The people of Brazil celebrated when it was announced that they were hosting the 20th World Cup (June 12-July 13, 2014), the world's most-viewed sporting tournament, and the 31st Summer Olympics (August 5-21, 2016). Now they are protesting in numbers the country hasn't seen in decades, with Brazilians taking to the streets to try to reclaim the sports they love but see being corrupted by powerful corporate interests, profiteering, and greed.
In this compelling new book, relying on original reporting from the most dangerous corners of Rio to the halls of power in Washington, DC, Dave Zirin examines how sports and politics are colliding in remarkable fashion in Brazil, opening up an international conversation on the culture, economics, and politics of sports. One of "50 Visionaries Who Are Changing Our World" (Utne), Dave Zirin is a columnist for The Nation, SLAM, and SI.com. He is host of Sirius XM's popular weekly show Edge of Sports Radio and a regular guest on ESPN's Outside the Lines, Democracy Now!, and on MSNBC. His previous books include The John Carlos Story and What's My Name Fool? He lives near Washington, DC.
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What listeners say about Brazil’s Dance with the Devil
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- Daniel Lonergan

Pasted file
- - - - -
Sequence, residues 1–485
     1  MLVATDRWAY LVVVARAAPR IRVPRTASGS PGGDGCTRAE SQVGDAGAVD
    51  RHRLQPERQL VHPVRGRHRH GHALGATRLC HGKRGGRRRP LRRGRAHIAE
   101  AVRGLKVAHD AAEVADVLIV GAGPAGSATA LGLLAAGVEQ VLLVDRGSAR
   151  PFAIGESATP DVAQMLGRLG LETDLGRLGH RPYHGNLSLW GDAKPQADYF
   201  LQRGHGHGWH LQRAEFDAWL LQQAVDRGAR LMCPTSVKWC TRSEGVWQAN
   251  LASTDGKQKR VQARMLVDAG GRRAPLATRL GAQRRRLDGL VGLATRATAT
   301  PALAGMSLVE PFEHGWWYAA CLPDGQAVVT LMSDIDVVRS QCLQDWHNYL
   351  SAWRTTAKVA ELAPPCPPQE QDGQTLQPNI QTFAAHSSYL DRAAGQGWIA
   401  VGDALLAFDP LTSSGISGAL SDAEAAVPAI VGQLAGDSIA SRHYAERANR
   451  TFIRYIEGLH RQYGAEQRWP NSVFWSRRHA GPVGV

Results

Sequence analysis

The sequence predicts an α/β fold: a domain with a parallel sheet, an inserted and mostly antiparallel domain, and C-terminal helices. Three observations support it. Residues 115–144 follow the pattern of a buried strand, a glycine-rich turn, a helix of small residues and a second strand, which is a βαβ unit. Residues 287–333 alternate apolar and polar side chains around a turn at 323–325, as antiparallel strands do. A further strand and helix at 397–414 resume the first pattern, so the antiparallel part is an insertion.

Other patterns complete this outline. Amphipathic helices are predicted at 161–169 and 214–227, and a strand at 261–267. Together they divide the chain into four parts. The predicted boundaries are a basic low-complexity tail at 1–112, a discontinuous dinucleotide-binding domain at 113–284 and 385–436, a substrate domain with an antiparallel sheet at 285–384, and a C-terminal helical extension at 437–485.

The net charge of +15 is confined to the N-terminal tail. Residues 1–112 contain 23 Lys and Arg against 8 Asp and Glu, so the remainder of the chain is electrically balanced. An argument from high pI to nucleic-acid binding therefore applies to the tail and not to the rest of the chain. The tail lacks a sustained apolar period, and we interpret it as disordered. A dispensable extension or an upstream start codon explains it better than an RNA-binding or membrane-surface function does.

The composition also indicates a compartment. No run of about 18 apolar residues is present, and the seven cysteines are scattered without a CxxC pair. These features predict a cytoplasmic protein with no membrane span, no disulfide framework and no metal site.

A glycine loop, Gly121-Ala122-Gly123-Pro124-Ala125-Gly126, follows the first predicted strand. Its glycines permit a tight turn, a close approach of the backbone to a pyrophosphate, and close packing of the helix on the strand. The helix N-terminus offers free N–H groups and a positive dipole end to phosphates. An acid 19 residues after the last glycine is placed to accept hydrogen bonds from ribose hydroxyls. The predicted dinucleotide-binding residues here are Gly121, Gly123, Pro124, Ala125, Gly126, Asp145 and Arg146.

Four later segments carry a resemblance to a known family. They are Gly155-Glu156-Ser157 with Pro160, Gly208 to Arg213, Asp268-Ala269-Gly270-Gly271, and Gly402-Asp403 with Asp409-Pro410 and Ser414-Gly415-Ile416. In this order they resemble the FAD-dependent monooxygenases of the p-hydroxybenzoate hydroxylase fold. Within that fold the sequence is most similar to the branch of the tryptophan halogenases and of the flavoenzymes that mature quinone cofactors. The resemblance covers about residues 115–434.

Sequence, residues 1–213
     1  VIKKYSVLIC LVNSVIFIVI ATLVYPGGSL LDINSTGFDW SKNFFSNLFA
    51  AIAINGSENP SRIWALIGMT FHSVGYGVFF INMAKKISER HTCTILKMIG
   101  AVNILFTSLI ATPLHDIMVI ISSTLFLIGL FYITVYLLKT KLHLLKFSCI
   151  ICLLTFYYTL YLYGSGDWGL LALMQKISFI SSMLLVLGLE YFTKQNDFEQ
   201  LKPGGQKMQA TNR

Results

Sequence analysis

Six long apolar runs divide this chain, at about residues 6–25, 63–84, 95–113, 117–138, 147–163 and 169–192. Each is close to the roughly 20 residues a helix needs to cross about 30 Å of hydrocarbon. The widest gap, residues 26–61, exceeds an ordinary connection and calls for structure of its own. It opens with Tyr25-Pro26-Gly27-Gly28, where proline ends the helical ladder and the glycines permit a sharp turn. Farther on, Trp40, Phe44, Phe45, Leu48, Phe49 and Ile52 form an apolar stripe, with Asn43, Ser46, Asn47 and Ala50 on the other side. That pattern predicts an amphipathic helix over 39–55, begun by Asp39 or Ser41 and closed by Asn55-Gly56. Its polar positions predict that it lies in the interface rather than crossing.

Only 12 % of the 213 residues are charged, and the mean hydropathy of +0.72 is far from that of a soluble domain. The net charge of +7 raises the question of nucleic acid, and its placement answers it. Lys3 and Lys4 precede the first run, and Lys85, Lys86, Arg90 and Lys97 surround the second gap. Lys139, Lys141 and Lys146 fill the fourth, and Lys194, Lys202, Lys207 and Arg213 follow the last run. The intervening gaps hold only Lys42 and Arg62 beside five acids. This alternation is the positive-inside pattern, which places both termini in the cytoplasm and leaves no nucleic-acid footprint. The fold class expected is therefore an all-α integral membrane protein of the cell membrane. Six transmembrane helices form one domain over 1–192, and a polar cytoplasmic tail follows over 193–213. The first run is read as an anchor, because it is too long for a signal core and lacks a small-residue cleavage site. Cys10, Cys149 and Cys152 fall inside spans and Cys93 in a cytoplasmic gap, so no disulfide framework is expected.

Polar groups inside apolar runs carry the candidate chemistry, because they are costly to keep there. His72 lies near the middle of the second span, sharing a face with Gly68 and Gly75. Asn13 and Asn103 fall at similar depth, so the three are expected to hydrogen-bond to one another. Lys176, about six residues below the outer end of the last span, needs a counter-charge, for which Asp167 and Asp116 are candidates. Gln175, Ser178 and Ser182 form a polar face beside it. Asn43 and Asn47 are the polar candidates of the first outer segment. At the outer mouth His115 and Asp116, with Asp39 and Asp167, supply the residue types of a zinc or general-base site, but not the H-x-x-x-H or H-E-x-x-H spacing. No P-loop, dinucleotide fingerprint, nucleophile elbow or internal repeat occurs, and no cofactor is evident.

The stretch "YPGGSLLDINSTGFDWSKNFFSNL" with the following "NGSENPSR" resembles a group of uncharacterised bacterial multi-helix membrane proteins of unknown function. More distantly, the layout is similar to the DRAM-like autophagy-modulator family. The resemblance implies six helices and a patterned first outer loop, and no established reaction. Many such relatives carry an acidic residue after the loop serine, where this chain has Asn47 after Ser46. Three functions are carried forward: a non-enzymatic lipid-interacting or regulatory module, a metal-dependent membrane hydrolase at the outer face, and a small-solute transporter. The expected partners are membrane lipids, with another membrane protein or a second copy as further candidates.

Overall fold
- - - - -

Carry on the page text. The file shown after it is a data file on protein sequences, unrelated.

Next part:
Interesting information . Dreadful Portuguese
Great concise history of Brasil and the role of "Futebol" in Brazilian society. The narrator was good, except when it came to pronouncing any Portuguese words or phrases, of which there are many. He pronounced everything as if he were reading Spanish, even changing Portuguese words into Spanish. Considering location of the story,, the narrator should have made some effort to learn at least the basics of Portuguese pronunciation
4 people found this helpful
- Mark Ballinger
Interesting story, but the narration can be a little annoying
I have been living for extended periods in Brazil for several years now, so am fascinated by the topic. Very interesting to hear about Brazilian politics, stratification of classes, etc.
Unfortunately the narrator tries too much - and mostly unsuccessfully - to affect a Portuguese accent when reading quotes from Brazilians, and when pronouncing Brazilian names and words. It would have been much easier to listen to had he just stuck to his own voice and changed tones.
2 people found this helpful